Add UninstallString to Hardware Inventory

Version: SCCM 2012 SP1 CU2

Note: If you upgrade to SCCM 2012 R2, you may need to repeat Part 1 again if previously configured.

The following method can be used to add the “UninstallString” to Hardware Inventory for each application installed on client machines. This could be helpful to gather MSI product codes if you need to remove several applications via script or software distribution methods.

By default, SCCM does hardware inventory (when enabled) on the following registry keys within the Uninstall section: ProductID (ProdID), DisplayName, InstallDate, Publisher, DisplayVersion. However, the “UninstallString” is not inventoried by default. This registry value is found under the following locations.

Default location under 32-bit and 64-bit operating systems:

  • HKLM\SOFTWARE\Microsoft\Windows\CurrentVersion\Uninstall\UninstallString

Default location under 64-bit operating systems for 32-bit apps:

  • HKLM\SOFTWARE\Wow6432Node\Microsoft\Windows\CurrentVersion\Uninstall\UninstallString

In order to inventory these registry values, there are 2 areas that require modification.

  1. Modifying Hardware Inventory reporting classes under Client Settings.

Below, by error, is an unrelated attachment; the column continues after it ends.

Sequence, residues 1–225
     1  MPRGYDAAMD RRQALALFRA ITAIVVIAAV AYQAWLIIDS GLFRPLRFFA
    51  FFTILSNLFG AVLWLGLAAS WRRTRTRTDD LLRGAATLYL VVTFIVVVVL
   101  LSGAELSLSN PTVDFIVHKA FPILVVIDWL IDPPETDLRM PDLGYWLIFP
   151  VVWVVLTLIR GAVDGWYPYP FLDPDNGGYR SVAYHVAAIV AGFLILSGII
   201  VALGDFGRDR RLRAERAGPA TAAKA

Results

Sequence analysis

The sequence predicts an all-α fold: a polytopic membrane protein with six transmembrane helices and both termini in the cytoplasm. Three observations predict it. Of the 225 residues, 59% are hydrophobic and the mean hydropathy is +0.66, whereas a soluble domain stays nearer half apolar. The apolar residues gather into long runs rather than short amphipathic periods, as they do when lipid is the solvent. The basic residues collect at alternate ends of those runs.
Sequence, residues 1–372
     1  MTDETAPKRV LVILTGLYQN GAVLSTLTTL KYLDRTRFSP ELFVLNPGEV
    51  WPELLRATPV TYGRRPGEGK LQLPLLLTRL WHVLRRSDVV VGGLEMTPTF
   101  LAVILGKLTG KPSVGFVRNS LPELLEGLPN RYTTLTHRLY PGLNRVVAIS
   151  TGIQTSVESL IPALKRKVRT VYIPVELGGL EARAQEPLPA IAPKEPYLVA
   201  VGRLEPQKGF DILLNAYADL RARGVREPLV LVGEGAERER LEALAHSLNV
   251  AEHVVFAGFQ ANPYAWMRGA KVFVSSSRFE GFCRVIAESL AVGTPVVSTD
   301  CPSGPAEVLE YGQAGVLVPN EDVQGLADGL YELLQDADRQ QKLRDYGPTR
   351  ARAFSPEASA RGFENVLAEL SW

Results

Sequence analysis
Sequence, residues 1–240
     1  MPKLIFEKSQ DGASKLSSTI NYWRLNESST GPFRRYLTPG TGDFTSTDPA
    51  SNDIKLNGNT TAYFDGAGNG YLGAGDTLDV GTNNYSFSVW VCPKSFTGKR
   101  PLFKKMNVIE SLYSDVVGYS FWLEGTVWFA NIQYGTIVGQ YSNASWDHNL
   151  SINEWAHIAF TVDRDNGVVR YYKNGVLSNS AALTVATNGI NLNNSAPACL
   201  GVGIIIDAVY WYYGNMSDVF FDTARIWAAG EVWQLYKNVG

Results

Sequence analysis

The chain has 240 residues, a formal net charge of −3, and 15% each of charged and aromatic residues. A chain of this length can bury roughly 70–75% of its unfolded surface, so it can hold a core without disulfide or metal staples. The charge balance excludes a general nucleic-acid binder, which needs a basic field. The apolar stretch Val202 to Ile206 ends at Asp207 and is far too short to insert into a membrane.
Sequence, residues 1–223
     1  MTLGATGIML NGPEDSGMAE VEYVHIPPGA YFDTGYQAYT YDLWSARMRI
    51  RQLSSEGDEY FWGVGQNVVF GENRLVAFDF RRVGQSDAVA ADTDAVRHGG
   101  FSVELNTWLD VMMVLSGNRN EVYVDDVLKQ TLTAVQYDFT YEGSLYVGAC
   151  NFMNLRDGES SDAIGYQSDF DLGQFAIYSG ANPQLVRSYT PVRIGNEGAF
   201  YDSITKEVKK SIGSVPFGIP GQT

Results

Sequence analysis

2. Modifying the configuration.mof

Part 1 – Modifying Hardware Inventory Reporting Classes (instructing clients to report)

Within the CM console, navigate to Administration -> Client Settings. Right-click on “Default Client Settings” and select properties.

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Select Hardware Inventory and click on “Set Classes”.

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Expand the “Installed Applications” categories. There should be two classes for 32 and 64 bit apps. Notice carefully that there is no “UninstallString” property to place a checkmark. We need to first add this property to the existing reporting classes. In SCCM 2007, this would be accomplished by modifying the SMS_DEF.mof file. However, this file does not exist in SCCM 2012. Instead, we’ll take a slightly different approach. But, the concept should be the same.

Click the “Export” button and save a copy of the exported file as “Before.mof”.